When I mentioned my bout with breast cancer to a new acquaintance, his first question was, “Are you married?”
It was an unusual reaction -- a more common query is whether I have kids. Later he told me that his daughter-in-law had been diagnosed with breast cancer while still in graduate school and that she and his son had moved in with him. He understood better than most people that being married makes it easier to cope with cancer.
The very next day the Journal of Clinical Oncology released a study offering more than anecdotal evidence that marriage is good for cancer patients.
Controlling for demographic factors such as age, race, education and household income, researchers who analyzed records of more than 730,000 cancer patients found that married patients did significantly better than single people. They lived longer, received better treatment and were more likely to be diagnosed before metastatic cancers developed.
It didn’t matter whether the unmarried patients were lifelong singles, divorced, widowed or separated. All did worse than demographically similar married patients.
“This study is the first to show a consistent and significant benefit of marriage on survival among each of the ten leading causes of cancer-related death in the United States -- lung, colorectal, breast, pancreatic, prostate, liver/bile duct, non-Hodgkin lymphoma, head and neck, ovarian, and esophageal cancer,” the American Society of Clinical Oncology noted in its news release.
The study doesn’t explain exactly why marriage makes a difference. It’s possible that married patients just have better health insurance. But, the authors note, “even in nations with universal access to free care, such as Denmark, sociodemographic factors affect outcome in a multitude of health conditions.” (Insurance differences also wouldn’t do much to explain the disadvantage of widowhood, because widows tend to be covered by Medicare.)
“The most likely reason,” the authors conclude, “is that married patients have better adherence with prescribed treatments than unmarried patients.” They have someone to watch over them.
What about couples who aren’t formally married but in long-term relationships? What about widows with supportive kids? What about people with great friends? And what about unhappy marriages?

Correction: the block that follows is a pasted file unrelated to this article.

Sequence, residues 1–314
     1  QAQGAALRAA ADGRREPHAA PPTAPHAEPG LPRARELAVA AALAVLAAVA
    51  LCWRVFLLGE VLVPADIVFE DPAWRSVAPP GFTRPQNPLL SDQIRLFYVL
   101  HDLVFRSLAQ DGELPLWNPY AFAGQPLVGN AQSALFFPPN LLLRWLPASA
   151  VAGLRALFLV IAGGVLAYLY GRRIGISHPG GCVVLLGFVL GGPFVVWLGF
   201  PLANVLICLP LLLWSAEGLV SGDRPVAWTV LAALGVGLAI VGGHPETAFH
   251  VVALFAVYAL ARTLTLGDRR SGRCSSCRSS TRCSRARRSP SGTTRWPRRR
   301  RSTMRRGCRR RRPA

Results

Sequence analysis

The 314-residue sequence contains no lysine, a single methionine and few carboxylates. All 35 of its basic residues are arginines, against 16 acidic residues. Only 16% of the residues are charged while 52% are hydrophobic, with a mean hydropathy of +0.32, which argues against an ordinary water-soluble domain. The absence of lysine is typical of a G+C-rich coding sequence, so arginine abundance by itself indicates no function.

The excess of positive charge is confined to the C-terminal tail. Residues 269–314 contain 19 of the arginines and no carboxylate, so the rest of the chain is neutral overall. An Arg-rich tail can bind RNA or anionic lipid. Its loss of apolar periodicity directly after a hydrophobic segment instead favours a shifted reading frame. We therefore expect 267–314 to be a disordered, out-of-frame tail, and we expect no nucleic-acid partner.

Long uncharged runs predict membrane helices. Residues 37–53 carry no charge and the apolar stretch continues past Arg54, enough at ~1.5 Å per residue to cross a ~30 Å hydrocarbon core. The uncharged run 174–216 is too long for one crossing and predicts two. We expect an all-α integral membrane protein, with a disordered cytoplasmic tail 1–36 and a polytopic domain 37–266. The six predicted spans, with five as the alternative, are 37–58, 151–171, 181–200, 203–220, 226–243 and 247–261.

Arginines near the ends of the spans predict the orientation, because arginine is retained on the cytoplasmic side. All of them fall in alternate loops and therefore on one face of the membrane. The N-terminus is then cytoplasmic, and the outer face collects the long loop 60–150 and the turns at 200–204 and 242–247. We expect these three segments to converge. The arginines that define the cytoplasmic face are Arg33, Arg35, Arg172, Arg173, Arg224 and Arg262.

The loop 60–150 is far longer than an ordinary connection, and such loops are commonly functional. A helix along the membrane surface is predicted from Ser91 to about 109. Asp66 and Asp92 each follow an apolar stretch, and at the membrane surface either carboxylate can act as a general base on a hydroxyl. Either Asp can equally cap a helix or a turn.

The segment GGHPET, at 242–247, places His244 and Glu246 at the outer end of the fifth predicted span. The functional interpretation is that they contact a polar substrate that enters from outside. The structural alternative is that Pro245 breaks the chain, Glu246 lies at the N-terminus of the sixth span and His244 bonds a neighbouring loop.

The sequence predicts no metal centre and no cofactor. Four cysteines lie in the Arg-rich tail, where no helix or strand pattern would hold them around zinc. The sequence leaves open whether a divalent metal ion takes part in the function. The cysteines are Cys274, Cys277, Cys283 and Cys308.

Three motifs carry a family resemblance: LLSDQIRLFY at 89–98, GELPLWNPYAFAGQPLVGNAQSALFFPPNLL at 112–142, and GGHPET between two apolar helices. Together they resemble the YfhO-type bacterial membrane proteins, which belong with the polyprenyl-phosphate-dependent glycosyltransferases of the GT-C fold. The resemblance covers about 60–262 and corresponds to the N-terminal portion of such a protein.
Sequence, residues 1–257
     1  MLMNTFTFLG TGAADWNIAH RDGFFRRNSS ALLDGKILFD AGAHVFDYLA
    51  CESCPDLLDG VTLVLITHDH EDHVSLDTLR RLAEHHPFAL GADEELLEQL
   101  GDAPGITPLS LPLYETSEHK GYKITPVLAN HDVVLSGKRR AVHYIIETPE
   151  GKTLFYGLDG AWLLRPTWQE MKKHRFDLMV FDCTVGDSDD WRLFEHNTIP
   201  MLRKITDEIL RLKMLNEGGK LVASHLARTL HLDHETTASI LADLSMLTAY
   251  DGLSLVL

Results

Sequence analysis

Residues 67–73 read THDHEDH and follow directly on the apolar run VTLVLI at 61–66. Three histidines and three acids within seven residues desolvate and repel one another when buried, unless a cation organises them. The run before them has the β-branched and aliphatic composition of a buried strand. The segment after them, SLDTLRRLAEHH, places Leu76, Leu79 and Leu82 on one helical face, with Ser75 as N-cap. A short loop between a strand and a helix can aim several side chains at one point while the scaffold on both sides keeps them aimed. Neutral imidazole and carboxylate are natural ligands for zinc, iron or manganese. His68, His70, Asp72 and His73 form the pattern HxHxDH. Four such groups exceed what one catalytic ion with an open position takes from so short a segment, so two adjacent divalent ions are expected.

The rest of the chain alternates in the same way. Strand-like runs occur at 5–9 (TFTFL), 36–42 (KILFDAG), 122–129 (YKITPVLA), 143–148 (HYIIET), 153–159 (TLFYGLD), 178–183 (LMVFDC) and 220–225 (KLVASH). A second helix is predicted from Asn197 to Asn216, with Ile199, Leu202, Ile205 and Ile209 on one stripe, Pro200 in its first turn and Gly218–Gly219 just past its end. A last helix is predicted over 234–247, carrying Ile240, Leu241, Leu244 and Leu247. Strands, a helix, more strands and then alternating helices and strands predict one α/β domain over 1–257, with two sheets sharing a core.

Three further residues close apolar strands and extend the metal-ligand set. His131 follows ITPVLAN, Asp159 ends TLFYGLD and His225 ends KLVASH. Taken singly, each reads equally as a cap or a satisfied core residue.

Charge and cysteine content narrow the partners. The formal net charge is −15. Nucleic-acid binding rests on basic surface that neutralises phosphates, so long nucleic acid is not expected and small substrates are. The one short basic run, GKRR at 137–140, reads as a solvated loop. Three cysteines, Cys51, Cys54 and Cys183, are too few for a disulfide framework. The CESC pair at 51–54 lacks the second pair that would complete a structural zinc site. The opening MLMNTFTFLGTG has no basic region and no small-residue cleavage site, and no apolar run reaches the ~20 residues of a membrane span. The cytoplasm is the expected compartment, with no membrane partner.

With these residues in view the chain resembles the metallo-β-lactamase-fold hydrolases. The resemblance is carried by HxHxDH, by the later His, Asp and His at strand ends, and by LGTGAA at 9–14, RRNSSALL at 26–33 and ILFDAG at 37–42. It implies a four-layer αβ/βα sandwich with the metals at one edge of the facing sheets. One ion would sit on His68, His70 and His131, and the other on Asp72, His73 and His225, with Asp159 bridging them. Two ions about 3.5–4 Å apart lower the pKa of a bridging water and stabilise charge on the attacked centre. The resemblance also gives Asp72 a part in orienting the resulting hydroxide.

The study didn’t leave these people out. If it had -- if it had measured only the difference between ideal marriages and lonely, miserable singles -- the differences would presumably be even more distinct. In the big picture, marriage makes a difference.
Marriage is increasingly the big sociological divide in American life. Getting and staying married makes you part of a privileged elite.
As Charles Murray documents in his 2012 book “Coming Apart,” that divide tracks the income divide, with low-income whites much less likely to be married than their high-income counterparts. (I criticized a different aspect of Murray’s book in this column.) The causality is debatable. Maybe poorer people have a harder time getting married. Maybe being married makes it easier to earn more. Maybe some third factor causes both phenomena. But what is clear is that you’re most likely to have a better life if you’re married -- even if, it turns out, you get cancer.
Friends are nice, but they are rarely equivalent to a spouse. The level of on-call commitment and intimacy is simply different. Your spouse knows you in a 24/7 way that few if any others do, especially in a society organized around the nuclear family rather than the extended one. (A spouse also multiplies your extended family by two.) As my economist husband likes to put it, being married also creates a “joint utility function.” Your happiness becomes entwined with your spouse’s, giving you strong incentives to make an extra effort.
Recalling how the “epidemic of care giving” in response to AIDS helped make the case for same-sex marriage, the writer Jonathan Rauch argued that by “assuming the burdens of marriage at its hardest,” gay men demonstrated that “no relative, government program or charity is as dependable or consoling as a dedicated partner.” What’s true of AIDS is true of cancer as well.
People don’t like to hear that. It’s not fair to single people. It’s not constructive. “Our results suggest that patients who are not married should reach out to friends, cancer support or faith-based groups, and their doctors to obtain adequate social support,” lead author Ayal Aizer, chief resident in radiation oncology at Harvard Medical School, said in the oncology society’s news release.
But trying to turn the study’s findings into a general call for “social support” ignores its stark result. Single people aren’t, of course, doomed to die of cancer. Their friends and family can in fact help them do better. But we shouldn’t pretend that marriage isn’t a huge advantage.
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